a thin slip or wedge of metal, wood, etc., for driving into crevices, as between machine parts to compensate for wear, or beneath bedplates, large stones, etc., to level them.
verb (used with object), shimmed, shimming.
to fill out or bring to a level by inserting a shim or shims.
a thin packing strip or washer often used with a number of similar washers or strips to adjust a clearance for gears, etc
(physics) a thin strip of magnetic material, such as soft iron, used to adjust a magnetic field
verb shims, shimming, shimmed
(transitive) to modify a load, clearance, or magnetic field by the use of shims
jargon, memory management
A small piece of data inserted in order to achieve a desired memory alignment or other addressing property.
For example, the PDP-11 Unix linker, in split I&D (instructions and data) mode, inserts a two-byte shim at location 0 in data space so that no data object will have an address of 0 (and be confused with the C null pointer).
See also loose bytes.
noun 1. Tōson [taw-sawn] /ˈtɔ sɔn/ (Show IPA), (Haruki Shimazaki) 1872–1943, Japanese author.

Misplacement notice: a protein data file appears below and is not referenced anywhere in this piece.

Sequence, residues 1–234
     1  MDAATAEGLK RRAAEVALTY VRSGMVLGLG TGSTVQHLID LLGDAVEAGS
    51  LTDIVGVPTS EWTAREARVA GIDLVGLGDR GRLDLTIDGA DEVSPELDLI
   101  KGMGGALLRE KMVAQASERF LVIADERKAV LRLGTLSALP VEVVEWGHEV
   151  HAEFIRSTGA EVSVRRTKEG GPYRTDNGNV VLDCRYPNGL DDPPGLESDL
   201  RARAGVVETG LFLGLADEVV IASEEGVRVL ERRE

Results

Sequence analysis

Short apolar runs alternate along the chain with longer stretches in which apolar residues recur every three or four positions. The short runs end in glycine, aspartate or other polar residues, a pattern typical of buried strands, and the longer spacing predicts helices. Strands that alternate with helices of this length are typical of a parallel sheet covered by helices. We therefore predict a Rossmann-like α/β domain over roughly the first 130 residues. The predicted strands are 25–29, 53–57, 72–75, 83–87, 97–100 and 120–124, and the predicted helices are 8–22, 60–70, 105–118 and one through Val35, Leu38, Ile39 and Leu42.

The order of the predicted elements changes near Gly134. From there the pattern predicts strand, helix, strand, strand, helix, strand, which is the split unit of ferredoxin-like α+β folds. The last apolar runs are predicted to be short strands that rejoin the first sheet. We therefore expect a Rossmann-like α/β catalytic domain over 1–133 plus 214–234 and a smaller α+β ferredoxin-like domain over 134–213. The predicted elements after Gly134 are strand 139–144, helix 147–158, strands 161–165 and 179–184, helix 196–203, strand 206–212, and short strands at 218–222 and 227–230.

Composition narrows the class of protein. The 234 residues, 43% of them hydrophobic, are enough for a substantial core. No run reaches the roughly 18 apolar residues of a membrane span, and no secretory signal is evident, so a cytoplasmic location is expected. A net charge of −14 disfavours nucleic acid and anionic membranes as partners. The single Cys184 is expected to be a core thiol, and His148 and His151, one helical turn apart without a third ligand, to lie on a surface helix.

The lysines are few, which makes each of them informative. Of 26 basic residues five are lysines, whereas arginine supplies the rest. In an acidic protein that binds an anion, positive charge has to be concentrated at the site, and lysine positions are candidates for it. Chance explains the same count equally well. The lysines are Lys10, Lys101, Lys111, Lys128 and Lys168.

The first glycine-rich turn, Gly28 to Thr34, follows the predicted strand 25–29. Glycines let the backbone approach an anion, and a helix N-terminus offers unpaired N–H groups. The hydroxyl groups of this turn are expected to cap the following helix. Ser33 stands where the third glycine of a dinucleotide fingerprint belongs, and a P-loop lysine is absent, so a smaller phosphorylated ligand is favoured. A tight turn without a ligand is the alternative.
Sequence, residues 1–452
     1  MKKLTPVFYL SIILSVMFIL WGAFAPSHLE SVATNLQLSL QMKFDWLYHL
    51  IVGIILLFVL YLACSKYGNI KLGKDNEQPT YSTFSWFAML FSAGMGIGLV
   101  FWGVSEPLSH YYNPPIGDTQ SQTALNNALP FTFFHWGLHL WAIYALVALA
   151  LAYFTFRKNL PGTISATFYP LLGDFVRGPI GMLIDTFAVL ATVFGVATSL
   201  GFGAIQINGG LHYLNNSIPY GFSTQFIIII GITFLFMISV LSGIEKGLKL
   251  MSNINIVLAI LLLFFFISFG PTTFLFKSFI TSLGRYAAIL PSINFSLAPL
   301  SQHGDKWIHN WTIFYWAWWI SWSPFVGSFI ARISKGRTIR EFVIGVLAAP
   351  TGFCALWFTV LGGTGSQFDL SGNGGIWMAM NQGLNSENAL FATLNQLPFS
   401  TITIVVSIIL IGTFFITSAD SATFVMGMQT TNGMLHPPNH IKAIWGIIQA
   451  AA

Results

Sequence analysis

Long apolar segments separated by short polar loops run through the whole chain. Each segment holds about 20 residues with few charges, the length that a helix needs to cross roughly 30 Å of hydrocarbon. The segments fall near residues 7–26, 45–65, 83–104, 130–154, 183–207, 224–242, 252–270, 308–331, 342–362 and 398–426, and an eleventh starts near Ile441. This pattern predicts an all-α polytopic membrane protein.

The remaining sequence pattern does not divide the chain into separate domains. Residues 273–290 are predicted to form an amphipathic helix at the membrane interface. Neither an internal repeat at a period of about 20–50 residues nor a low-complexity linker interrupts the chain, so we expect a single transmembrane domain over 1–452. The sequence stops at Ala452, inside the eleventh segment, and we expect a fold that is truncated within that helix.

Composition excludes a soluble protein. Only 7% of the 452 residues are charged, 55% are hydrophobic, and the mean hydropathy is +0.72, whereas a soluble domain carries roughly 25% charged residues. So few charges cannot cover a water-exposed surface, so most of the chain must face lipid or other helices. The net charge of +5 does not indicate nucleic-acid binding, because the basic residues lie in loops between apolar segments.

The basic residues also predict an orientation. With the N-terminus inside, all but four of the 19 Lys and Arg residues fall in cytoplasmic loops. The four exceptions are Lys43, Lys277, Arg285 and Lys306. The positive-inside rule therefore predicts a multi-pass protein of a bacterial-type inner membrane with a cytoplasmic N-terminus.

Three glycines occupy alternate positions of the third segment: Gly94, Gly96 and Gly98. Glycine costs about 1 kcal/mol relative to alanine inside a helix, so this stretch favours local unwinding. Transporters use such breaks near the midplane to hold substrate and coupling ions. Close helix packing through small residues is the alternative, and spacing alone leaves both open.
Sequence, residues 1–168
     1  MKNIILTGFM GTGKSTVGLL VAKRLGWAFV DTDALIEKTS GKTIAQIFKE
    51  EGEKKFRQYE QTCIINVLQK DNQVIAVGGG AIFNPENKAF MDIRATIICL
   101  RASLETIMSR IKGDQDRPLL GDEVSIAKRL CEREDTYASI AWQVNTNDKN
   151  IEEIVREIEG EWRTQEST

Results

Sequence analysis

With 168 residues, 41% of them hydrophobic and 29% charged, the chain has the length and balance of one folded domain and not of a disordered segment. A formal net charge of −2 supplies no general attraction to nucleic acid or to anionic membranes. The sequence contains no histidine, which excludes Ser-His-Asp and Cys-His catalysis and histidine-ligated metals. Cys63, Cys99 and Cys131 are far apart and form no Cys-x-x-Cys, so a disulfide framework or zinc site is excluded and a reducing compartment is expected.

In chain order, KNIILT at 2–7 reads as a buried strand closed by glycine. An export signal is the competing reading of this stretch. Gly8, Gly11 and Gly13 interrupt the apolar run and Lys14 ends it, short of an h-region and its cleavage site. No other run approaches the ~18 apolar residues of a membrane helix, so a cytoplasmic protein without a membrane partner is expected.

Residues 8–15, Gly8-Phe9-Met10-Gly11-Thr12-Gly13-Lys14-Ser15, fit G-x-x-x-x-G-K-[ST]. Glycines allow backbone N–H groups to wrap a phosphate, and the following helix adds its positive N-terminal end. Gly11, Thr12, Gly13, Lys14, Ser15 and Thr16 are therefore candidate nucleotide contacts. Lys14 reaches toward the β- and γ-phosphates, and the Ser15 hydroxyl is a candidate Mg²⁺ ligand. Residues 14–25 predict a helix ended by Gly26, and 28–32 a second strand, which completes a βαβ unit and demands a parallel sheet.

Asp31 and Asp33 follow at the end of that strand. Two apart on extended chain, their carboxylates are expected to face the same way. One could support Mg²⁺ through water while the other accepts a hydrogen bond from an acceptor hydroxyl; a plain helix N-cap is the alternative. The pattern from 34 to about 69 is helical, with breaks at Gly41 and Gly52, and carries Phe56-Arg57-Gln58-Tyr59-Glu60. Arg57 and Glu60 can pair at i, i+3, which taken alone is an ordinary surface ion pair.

the hearing prayer. (1.) One of David’s sons by Bathsheba (1 Chr. 3:5); called also Shammua (14:4). (2.) A Levite of the family of Merari (1 Chr. 6:30). (3.) Another Levite of the family of Gershon (1 Chr. 6:39). (4.) One of David’s brothers (1 Sam. 16:9, marg.).
(1.) One of David’s brothers (2 Sam. 13:3); same as Shimea (4). (2.) A Benjamite, a descendant of Gibeon (1 Chr. 8:32); called also Shimeam (9:38).
famous. (1.) A son of Gershon, and grandson of Levi (Num. 3:18; 1 Chr. 6:17, 29); called Shimi in Ex. 6:17. (2.) A Benjamite of the house of Saul, who stoned and cursed David when he reached Bahurim in his flight from Jerusalem on the occasion of the rebellion of Absalom (2 Sam. 16:5-13). After […]